When people claim that rock is dead, they tend to overlook what millennial artists are cooking up and the impact young musicians can have on shaping music culture.
One artist who has put a fresh outlook on contemporary rock music in Australia is Ecca Vandal. Hailing from Melbourne, Ecca grew up listening to hip hop and punk rock, mashing up both those styles and putting her own spin on the genres with an incredibly tight and aggressive sounding band backing her up. She makes music with a forward-thinking attitude that has an open policy of creating sounds that have no borders and are totally uncompromising.
“I feel like it’s an expression of all sides of my personality,” says Ecca on creating progressive music. “Punk music, hardcore and heavier music have always been something I’ve been really interested in and influenced by when I was really young. Similarly, hip hop was also a big influence and inspiration for me, so I didn’t want to actually cut out any sides of my personality that have influenced me when I was writing music, so I basically wanted to incorporate everything!”
While at university, Ecca studied jazz, which is not really apparent in her music at first listen, but she explained to me how it actually influences her songwriting: “It was one of the big influences actually because I studied jazz improvisation which really encourages you to be free, and it’s something that in essence is in my music – that freedom to go into different styles and use different voices, different expressions, different sides of my personality in my music. I’m also really influenced by the harmony of jazz and the obscure kind of chords, and I love the atonal aspects of jazz.”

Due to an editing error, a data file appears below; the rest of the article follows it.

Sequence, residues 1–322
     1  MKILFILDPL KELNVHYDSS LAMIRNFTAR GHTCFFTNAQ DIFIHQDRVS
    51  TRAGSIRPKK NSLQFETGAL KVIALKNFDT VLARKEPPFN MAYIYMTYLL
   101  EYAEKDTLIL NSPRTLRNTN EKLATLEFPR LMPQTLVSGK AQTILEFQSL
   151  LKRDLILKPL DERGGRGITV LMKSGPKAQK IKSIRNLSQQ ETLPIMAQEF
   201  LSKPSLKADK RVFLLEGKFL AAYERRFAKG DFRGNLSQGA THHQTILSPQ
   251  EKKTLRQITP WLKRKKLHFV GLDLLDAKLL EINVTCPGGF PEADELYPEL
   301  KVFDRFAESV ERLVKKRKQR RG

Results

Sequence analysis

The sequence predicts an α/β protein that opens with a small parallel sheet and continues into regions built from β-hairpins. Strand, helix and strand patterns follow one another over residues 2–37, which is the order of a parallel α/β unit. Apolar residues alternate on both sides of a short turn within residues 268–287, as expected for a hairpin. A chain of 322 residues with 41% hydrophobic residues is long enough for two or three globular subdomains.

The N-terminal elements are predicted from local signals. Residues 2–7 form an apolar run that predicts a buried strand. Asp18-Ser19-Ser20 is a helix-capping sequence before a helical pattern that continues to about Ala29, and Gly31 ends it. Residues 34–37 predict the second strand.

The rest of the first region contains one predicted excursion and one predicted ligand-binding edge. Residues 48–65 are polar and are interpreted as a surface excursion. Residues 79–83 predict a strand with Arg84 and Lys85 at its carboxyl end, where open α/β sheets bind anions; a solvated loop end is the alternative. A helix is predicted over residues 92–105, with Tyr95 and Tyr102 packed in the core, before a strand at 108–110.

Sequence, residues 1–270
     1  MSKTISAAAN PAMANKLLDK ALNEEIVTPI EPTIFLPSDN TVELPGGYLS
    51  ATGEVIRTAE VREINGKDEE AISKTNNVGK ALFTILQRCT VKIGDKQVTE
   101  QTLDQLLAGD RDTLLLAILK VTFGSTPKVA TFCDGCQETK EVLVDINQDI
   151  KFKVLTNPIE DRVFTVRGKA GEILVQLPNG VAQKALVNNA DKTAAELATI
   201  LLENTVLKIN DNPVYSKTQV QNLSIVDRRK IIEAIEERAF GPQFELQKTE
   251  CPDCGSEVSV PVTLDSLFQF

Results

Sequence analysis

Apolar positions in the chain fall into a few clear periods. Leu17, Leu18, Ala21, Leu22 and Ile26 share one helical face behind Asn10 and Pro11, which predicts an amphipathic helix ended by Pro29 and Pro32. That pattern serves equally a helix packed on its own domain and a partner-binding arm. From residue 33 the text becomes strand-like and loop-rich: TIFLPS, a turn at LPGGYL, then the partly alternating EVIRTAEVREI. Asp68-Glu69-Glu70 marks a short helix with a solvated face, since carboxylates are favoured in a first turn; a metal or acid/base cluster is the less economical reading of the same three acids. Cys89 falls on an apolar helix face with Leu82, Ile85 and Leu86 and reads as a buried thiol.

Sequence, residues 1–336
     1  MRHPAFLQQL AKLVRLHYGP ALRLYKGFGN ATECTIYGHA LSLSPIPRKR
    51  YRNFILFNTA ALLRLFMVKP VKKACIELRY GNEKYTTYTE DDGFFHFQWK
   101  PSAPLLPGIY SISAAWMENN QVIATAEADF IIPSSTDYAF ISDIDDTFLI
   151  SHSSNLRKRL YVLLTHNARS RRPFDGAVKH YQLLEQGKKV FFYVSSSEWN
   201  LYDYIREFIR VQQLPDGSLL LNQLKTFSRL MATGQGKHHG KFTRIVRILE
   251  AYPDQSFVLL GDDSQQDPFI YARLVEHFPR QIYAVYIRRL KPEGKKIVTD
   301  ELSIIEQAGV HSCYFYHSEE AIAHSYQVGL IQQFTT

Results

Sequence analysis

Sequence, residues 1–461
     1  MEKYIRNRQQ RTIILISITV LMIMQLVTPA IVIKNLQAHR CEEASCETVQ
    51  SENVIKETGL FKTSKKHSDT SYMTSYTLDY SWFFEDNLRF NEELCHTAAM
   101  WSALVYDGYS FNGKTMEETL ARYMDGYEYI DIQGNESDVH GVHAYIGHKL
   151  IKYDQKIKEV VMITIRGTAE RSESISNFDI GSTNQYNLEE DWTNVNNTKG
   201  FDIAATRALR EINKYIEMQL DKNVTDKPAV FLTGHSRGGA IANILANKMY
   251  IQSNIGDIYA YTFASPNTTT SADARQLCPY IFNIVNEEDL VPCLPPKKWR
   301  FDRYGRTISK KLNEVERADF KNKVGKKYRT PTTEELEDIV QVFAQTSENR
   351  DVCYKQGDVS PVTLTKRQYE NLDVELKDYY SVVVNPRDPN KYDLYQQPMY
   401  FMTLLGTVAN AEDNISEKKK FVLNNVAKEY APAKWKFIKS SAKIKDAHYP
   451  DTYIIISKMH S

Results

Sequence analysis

To really understand her music you probably would have to be a fan of some of the ’90s alternative rock bands that were fearless when it came to merging genres together and creating art for art’s sake, but are we still seeing that same ambition from artists and bands in this day and age? “I get bored with current music, but there are a few bands that are killing it,” she muses. “A band like Death Grips – I think they are really at the front of mashing up different sounds and actually doing something that is really interesting.”
Ecca and her band just came off a tour supporting Queens Of The Stone Age for their Aussie headline shows, and they are very hungry to keep opening for other great bands and to get a credible reputation as a live band who can tour alongside any of the top rock acts in the world. “Queens Of The Stone Age was definitely a dream come true for us because all the guys in my band are fans and we’ve been listening to their music for a long time, so it was an honour to open up the stage for them and to play to their audiences,” she enthuses. “The audience was very warm and receptive and they had very good feedback for us.”
While Ecca and her band are aiming to grow their audience in Australia, late last year she took a writing trip to New York and shot the video for her latest single Broke Days, Party Nights in the neighbourhoods and city streets.
“I was inspired by the city because there’s so much happening there, everyone’s got somewhere to be and it’s so busy, the colours are electric, most people are dressed benignly and most people on the street are up for a chat. They jumped on our video and there’s a beautiful sense of community in all the different neighbourhoods we visited and I was inspired to capture it on film. We didn’t have much money to go to all these fancy places, we just thought we would film the video on the streets and have a good time.”
Broke Days, Party Nights showcases Ecca’s diverse and energetic musical personality and is a little taste of what to expect from her upcoming album, due at the end of the year. “The message of the song is essentially you don’t have to have a lot of money to have a great life, and New York perfectly illustrates that because there are all sorts of people from all walks of life living in that city and they seem to be having a great life.”
The creativity and flair of Ecca Vandal’s music leaves the door wide open for many other artists in this country to push the envelope and take creative risks, knowing they can find an audience who will respect true musical talent and innovation; she’s clear proof that rock is alive and kicking!